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Browsing by Subject "UAV"

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  • Tolonen, Miika (2023)
    The island of Suur-Pellinki is located near the town of Porvoo in the southern Finland. The bedrock in the area consists of different rock types such as plutonic rocks and rock types that are rare in the southern Finland, for example agglomerate and different kinds of metavolcanites. The bedrock has undergone several tectonic events, of which Svecofennian orogenesis (1.9-1.8 Ga) has been the most notable. The orogenesis caused compression, extension and shearing of the bedrock, and signs of these stresses can be seen as fractures, folds, foliations and faults. The development of unmanned aerial vehicles, such as drones, has been significant in recent years. Thus, usage of them has increased in different fields of science, of which geosciences are not an exception as drones are used in data collecting. In this study, a drone was used to study outcrops of Suur-Pellinki. Four outcrops were photographed by a drone, and photographs were used to build three-dimensional models. The models were built in Pix4D and Metashape software using Structure-from-Motion photogrammetry. In addition, the models were exported to GeoVis3D software, in which orientation of fractures was studied. The aim was to study the bedrock with traditional fieldwork methods and technology that has not been used in the area. It was studied if three dimensional modelling can provide any significant additional benefits over traditional fieldwork methods. Moreover, the aim was to find ways to operate a drone efficiently and build three-dimensional models straightforwardly. The bedrock was found to be undergone extensional and differently oriented compressional events during the orogeny, and the maximum principal stress (σ1) orientations had been firstly NW-SE and later NE-SW. These stress orientations formed the main structures of the bedrock such as fractures, folds, and foliation, which is prevalent in metavolcanites of the area. In addition, some strike-slip faults were seen in the area, which have not been studied significantly in the previous studies. The three-dimensional models turned out to be useful in order to study the bedrock. Critically, building of the models was not fast and straightforward. The final resolution of the models is under three centimetres, which let to study even the smallest structures of the bedrock.
  • Nurmilaukas, Olli (2020)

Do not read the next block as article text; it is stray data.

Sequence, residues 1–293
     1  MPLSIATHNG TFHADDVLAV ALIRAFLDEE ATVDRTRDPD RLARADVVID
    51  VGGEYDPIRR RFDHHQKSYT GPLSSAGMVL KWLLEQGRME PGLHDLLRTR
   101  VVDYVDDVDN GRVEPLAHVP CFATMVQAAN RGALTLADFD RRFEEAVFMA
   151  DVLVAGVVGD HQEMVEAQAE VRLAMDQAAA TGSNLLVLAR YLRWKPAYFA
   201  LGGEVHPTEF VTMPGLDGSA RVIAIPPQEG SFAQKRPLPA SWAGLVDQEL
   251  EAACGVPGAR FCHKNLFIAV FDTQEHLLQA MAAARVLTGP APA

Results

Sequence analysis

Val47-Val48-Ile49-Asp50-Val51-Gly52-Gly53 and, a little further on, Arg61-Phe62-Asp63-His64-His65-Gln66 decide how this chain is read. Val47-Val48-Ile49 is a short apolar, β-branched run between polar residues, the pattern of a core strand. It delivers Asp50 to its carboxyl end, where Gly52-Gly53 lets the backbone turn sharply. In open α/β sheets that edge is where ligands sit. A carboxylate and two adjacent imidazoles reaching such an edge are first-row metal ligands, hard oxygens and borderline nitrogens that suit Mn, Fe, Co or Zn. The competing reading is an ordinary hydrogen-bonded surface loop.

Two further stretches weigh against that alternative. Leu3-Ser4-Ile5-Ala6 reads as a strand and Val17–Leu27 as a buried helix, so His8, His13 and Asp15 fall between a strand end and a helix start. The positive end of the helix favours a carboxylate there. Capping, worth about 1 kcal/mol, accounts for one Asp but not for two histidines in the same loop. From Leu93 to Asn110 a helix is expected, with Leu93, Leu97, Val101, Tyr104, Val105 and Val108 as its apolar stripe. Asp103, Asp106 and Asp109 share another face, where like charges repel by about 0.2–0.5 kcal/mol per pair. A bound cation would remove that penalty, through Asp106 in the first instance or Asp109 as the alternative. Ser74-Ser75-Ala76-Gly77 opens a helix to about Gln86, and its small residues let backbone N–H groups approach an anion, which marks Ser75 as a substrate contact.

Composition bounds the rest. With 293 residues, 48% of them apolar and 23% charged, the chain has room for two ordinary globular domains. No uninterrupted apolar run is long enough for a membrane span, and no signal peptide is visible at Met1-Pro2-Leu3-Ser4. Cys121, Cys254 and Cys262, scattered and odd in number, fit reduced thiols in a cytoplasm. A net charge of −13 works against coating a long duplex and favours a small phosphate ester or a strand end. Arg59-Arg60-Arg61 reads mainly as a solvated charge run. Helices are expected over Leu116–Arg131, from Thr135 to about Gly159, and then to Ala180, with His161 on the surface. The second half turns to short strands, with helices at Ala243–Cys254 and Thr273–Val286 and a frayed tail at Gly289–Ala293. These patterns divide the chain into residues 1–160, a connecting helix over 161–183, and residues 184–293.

The condition of Tahmelanlähde spring in city of Tampere has been under discussion for over two decades. Between 1906–1966, the spring was being used for municipal water supply and the water quality was good. The quality of discharging groundwater has since heavily deteriorated, bearing now high concentrations of iron, manganese, nitrogen, phosphorus and very low oxygen. The cause of this deterioration has remained unclear. The aims of this study were to increase the hydrogeological knowledge of Tahmela-Pispala area in order to get a better understanding of the regional groundwater flow patterns and sources of the groundwater discharging at the artesian spring area, to assess the cause for the spring deterioration and to give suggestions to a possible rehabilitation plan. Tahmelanlähde spring is located on a clay or silt soil under artesian circumstances, down the southern slope of Pispalanharju interlobate esker formation. The esker forms a longitudinal neck between Lake Näsijärvi and Lake Pyhäjärvi, rising up to 160 meters above sea level. The water level of Lake Näsijärvi is approx. 95 m a.s.l. and the water level of Lake Pyhäjärvi approx. 77 m a.s.l. Considering the distance of only a few hundred meters between these two lakes, the difference of 18 meters in the lake water levels is quite unusual in Finland’s geological context, especially because the lakes are separated by a major esker formation. For the assessment of the hydrogeological features in the study area we had two field campaigns including ground penetrating radar (GPR) survey, thermal infrared survey using unmanned aerial vehicle (UAV-TIR), measuring of water tables as well as water sampling from springs, surface water bodies, groundwater observation wells and groundwater discharging into the Lake Pyhäjärvi. 23 water samples were analyzed for main ion composition, stable isotopic (δ18O / δD) composition, pH, EC and trace elements such as iron and manganese. 14 samples were additionally analyzed for CODMn, N, P, O and microbial indicators. Some previous studies have suggested infiltration of Lake Näsijärvi water into the esker. Our results reveal that most of the groundwater in the Pispalanharju area contain a variable amount of surface water component. The samples east from the spring present good-quality groundwater and show nonexistent surface water impact. This and the complex sedimentology revealed by the GPR survey indicate that the regional groundwater flow patterns are not simple and there are at least two water components with different origins discharging at Tahmelanlähde spring. The results imply that the primary cause for the spring deterioration could be a major shift in the groundwater – surface water interaction in the northern esker area, probably driven by urbanization and the heavy construction during the last few decades. The study was a collaboration between the City of Tampere, Pirkanmaa Center for Economic Development, Transport and Environment (ELY Center) and University of Helsinki, Department of Geosciences and Geography.